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US reviewing process of Iranian sanctions exemptions

· 4 min read

U.S. reviewing process of Iranian sanctions exemptions

TEHRAN- A spokesperson for the U.S. State Department announced that Washington is reviewing the process of Iranian sanctions exemptions following the expiration of waivers under the 2015 Iran nuclear deal framework.

U.S. reviewing process of Iranian sanctions exemptions

The conservative news website Washington Free Beacon reported on Friday that the Biden administration has not extended the sanctions waivers that allowed Iran to engage in nuclear cooperation with international parties under the JCPOA framework.

The Biden administration has allowed a set of sanctions waivers that permitted Iran and Russia to engage in joint cooperation to expire, but it does not commit to enforcing those sanctions.

Washington had last extended these waivers until the beginning of 2024 in August 2023, and these waivers have now expired.

State Department spokesperson Matthew Miller did not provide a reason for the expiration of such sanctions waivers, but told Washington Free Beacon that officials are still “reviewing the waivers as part of a regular review process,” and public commentary will be provided after a decision is made as part of that review.

The sanctions exemptions for Iran are issued under the JCPOA framework, and the U.S. government’s officials were obligated to renew them every 6 months.

According to the JCPOA text, signatory countries were committed to engaging in peaceful nuclear cooperation with Iran, including in research reactor projects in Arak and Fordow facilities.

During the presidency of Donald Trump, these exemptions were canceled due to the U.S. withdrawal from the JCPOA, but Joe Biden announced after entering the White House that these exemptions would be reinstated.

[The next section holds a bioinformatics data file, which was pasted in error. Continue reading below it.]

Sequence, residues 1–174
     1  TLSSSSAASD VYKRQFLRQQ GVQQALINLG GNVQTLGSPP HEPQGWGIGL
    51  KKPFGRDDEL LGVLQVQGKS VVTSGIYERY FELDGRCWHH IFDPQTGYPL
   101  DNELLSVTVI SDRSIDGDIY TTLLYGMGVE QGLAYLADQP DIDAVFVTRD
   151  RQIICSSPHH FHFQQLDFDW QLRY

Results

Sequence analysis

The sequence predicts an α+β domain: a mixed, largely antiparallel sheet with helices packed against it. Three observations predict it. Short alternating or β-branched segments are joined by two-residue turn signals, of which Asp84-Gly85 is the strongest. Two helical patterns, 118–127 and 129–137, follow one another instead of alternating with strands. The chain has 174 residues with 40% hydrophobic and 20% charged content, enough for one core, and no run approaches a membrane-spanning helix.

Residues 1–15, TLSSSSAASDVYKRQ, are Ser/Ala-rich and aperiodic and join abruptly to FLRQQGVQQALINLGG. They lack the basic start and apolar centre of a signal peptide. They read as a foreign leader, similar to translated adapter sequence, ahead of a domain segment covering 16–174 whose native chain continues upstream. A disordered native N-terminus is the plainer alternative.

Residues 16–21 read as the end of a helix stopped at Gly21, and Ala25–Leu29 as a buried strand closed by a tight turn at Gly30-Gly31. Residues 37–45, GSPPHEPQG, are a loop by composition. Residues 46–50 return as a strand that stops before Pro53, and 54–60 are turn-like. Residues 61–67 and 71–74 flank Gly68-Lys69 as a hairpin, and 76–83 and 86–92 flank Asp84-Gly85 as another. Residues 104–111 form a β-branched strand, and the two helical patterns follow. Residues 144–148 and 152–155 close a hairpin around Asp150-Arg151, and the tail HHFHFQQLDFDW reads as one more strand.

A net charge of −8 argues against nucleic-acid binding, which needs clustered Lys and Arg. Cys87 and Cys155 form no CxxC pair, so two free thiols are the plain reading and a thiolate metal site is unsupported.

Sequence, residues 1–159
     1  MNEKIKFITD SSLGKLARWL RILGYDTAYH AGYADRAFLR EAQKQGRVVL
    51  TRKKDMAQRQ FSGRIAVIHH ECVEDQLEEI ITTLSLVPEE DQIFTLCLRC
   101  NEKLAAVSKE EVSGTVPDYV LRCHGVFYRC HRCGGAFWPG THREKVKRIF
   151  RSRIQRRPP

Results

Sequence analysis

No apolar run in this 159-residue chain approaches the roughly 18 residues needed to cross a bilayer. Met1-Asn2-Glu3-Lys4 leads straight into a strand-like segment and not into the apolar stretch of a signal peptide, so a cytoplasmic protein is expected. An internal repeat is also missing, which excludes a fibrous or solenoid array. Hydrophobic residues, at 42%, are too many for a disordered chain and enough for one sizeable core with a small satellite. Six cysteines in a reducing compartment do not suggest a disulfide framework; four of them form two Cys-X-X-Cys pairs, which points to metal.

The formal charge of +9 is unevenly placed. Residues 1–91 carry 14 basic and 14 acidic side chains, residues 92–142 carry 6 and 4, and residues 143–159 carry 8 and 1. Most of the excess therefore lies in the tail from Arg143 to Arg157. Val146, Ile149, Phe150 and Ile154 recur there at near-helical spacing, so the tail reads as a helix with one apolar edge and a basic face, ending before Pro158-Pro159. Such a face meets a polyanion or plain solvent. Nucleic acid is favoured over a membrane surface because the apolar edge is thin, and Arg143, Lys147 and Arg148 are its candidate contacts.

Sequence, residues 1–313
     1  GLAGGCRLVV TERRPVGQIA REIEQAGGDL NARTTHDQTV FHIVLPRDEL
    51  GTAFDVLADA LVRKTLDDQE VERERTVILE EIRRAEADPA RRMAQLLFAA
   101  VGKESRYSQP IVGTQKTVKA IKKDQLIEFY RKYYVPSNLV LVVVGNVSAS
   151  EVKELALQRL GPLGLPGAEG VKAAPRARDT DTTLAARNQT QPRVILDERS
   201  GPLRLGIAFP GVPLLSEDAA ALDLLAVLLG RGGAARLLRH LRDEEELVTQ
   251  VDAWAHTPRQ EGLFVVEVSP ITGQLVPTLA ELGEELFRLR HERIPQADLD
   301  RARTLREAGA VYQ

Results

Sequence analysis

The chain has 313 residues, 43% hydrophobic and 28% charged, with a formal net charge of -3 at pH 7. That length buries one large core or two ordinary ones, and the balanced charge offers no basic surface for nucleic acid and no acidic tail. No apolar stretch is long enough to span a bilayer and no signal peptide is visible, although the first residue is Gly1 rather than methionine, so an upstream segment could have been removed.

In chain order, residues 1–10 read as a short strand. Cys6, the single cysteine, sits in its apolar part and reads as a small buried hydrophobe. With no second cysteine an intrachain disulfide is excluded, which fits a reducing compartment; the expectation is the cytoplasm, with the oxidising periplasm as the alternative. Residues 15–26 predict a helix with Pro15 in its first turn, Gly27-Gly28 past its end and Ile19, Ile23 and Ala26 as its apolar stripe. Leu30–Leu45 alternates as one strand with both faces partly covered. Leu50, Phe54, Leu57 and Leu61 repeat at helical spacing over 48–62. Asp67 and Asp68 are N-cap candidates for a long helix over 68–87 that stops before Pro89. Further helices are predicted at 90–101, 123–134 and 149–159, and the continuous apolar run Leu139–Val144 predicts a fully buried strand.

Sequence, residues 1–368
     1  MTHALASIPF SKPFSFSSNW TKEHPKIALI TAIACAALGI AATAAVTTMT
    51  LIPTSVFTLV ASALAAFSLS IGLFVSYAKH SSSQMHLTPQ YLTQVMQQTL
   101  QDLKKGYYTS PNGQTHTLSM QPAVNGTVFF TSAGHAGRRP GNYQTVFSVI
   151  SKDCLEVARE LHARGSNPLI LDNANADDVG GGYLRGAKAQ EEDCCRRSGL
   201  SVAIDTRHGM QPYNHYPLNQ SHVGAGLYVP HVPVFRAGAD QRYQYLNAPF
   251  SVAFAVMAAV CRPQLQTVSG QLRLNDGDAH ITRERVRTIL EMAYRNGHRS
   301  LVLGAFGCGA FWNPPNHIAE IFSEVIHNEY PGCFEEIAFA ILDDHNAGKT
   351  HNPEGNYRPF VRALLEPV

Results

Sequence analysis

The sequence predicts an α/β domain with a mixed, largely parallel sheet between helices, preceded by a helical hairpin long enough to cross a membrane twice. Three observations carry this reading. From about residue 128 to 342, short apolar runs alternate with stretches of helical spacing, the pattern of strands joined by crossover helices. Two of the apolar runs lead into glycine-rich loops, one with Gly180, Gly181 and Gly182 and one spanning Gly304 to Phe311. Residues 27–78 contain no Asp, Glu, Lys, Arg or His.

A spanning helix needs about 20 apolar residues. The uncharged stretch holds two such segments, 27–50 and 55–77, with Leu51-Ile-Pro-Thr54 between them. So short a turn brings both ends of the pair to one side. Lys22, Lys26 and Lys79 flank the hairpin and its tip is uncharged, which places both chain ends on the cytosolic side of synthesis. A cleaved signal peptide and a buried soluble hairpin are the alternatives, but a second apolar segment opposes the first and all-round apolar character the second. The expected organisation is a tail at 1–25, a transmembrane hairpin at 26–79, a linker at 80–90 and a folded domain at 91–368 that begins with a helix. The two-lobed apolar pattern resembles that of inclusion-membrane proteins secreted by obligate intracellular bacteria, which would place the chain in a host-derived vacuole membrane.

Iran, following the signing of the JCPOA in 2015 with the aim of lifting unfair sanctions, fulfilled its responsibilities flawlessly and this was confirmed in 16 reports by the International Atomic Energy Agency. 

However, after Donald Trump took office in January 2017 and eventually unilaterally and unlawfully withdrew from the JCPOA in May 2018, secondary sanctions against Iran were reimposed.

The imbalanced implementation of the agreement on one side and pressures resulting from the unilateral and intensified sanctions by the U.S. on the other side led to the Supreme National Security Council of the Islamic Republic of Iran making decisions to halt the gradual implementation of voluntary nuclear commitments, providing a 60-day opportunity for diplomacy, a year after the U.S. withdrawal from the JCPOA.

Iran adhered to all its commitments under this agreement for a year after the U.S. exit from the JCPOA to give European countries, which promised to compensate for Washington’s withdrawal, a chance to fulfill their promises. 

However, as European countries did not fulfill their promises, Iran gradually reduced its commitments under the JCPOA in accordance with the nuclear deal provisions.

The Democratic administration of Biden condemned the previous administration’s unilateral action to exit the Iran deal with the P5+1 group but has so far fallen short of taking valid actions to rectify past wrongdoings. 

The Biden administration has adopted the maximum pressure policies of the Trump administration and has imposed sanctions in coordination with its Western allies under the guise of human rights to support unrest in Iran, stating clearly that instead of focusing on negotiation and diplomatic approaches, it has been concentrating on Iranian unrest but claims not to seek regime change in Iran.

The Biden administration has also continued the policy of sanctions against Iran in the context of the conflict in Ukraine and Russia, citing military cooperation between Tehran and Moscow and alleging the provision of Iranian drones in this conflict, as well as in the conflict in Israel and Gaza, citing Tehran’s support for resistance groups.